I have found DotXls good for free and simple excel templates:

or free craft calendars:

Office also has lots of free templates:

Or just Google "free calendar template" and pick and choose!


Skills for Academic Success


Skills for Academic Success,

adapted from "Homework Tips for Parents" by the Coordinated Campaign for Learning Disabilities.

It’s never too early or too late to help your child develop the skills for academic success. Learn how to build these skills and stay on track all year long. It takes a combination of skills — organization, time management, prioritization, concentration and motivation — to achieve academic success.

Here are some tips to help get your child on the right track:

Talk to your child. To find out which of these skills your child has and which he can develop further, start a simple conversation that focuses on his goals. Ask him about his favorite subjects, classes he dreads and whether he’s satisfied with his latest progress report.
Listen for clues. Incorporate your own observations with your child’s self-assessment. Is your child overwhelmed by assignments? She may have trouble organizing time. Does your child have difficulty completing her work? She may get distracted too easily. Is your child simply not interested in school? She may need help getting motivated.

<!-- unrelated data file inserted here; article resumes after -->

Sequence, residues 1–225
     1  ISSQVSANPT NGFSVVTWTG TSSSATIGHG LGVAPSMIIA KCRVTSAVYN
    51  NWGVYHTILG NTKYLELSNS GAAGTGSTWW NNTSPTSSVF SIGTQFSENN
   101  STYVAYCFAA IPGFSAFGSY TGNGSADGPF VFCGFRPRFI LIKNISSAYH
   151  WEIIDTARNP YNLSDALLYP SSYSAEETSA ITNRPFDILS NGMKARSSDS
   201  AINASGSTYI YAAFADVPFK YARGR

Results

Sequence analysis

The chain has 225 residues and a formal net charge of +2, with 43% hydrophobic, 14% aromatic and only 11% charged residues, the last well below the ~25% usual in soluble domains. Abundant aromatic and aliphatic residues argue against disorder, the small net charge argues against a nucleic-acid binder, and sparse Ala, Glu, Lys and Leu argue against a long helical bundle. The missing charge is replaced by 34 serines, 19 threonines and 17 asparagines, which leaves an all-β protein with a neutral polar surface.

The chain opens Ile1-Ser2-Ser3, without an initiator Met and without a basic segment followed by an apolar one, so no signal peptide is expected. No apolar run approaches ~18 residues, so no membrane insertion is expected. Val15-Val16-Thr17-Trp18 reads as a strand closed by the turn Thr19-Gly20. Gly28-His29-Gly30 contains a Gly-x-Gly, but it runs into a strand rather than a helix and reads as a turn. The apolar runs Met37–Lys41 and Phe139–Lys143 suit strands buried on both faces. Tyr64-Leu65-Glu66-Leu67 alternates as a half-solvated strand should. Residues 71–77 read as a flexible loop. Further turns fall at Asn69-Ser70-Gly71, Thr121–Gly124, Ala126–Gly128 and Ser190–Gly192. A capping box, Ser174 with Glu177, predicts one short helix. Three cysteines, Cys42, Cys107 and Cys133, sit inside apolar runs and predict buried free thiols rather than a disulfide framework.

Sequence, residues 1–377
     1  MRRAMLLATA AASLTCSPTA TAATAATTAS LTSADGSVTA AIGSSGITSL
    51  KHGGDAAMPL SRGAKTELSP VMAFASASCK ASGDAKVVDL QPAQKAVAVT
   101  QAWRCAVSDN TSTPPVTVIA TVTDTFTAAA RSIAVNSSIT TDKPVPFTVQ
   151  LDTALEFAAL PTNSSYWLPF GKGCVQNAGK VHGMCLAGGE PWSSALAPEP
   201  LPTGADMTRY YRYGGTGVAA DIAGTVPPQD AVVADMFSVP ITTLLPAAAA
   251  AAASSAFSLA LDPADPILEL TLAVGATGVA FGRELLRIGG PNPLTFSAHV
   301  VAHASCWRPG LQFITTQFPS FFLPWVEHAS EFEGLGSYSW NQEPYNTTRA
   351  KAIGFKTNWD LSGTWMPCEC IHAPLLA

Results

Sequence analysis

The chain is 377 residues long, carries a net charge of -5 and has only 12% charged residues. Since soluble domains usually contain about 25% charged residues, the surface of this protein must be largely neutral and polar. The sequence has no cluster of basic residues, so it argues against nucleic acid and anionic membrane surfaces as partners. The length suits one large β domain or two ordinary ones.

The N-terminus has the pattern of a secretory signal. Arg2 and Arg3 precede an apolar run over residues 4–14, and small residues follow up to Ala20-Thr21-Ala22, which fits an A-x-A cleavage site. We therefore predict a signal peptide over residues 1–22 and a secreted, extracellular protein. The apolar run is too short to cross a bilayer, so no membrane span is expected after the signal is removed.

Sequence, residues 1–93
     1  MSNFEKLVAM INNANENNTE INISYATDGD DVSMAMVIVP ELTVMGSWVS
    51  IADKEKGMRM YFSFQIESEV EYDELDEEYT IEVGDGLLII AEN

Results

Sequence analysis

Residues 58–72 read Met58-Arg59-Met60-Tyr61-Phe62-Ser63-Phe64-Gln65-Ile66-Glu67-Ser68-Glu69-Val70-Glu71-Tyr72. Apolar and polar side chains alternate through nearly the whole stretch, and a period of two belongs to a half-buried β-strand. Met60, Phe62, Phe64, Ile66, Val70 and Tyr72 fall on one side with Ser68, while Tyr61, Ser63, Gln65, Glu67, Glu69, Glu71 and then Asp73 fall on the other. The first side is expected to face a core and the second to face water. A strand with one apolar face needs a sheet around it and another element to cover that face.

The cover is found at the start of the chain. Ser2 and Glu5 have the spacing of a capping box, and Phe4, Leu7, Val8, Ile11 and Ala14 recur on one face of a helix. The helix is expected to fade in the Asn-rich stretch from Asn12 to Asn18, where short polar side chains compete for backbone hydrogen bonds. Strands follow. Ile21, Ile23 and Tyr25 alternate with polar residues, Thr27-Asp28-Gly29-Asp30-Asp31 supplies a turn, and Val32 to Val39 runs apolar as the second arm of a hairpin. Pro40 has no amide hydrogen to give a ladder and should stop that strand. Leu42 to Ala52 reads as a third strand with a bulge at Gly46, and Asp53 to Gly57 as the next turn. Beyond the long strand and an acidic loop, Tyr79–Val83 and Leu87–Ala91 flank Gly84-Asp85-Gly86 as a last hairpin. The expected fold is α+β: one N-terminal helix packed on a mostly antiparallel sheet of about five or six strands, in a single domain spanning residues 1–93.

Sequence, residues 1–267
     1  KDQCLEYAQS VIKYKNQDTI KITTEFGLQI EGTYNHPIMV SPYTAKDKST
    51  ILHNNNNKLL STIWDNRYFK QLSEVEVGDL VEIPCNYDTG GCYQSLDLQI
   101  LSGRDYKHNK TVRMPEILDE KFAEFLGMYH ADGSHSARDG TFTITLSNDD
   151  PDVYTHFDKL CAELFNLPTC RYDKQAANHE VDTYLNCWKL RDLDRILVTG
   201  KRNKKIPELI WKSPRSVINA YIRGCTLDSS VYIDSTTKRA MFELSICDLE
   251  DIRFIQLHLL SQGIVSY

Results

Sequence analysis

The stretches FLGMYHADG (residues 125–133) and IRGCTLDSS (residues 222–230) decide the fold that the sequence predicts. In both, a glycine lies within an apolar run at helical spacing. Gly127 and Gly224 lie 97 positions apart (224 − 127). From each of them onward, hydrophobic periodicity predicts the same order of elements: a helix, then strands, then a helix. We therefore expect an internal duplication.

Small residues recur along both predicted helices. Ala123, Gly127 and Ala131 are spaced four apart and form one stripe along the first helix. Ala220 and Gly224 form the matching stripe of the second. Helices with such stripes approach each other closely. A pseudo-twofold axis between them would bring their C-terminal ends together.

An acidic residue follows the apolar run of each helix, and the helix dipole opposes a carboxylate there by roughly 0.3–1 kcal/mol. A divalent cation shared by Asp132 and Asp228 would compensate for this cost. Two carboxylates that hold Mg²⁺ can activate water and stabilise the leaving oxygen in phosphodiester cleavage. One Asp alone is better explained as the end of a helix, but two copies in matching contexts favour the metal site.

Identify problem areas. Start here to help your child identify which of the five skill areas are trouble spots. Most children say they want to do well in school, yet many still fail to complete the level of work necessary to succeed academically. The reason is often motivation. Tapping into your child’s interests is a great way to get him geared to do well in school.

1. Organization

Whether it’s keeping track of research materials or remembering to bring home a lunch box, children need to be organized to succeed in school. For many students, academic challenges are related more to a lack of organization than to a lack of intellectual ability.
Tips to help your child get organized: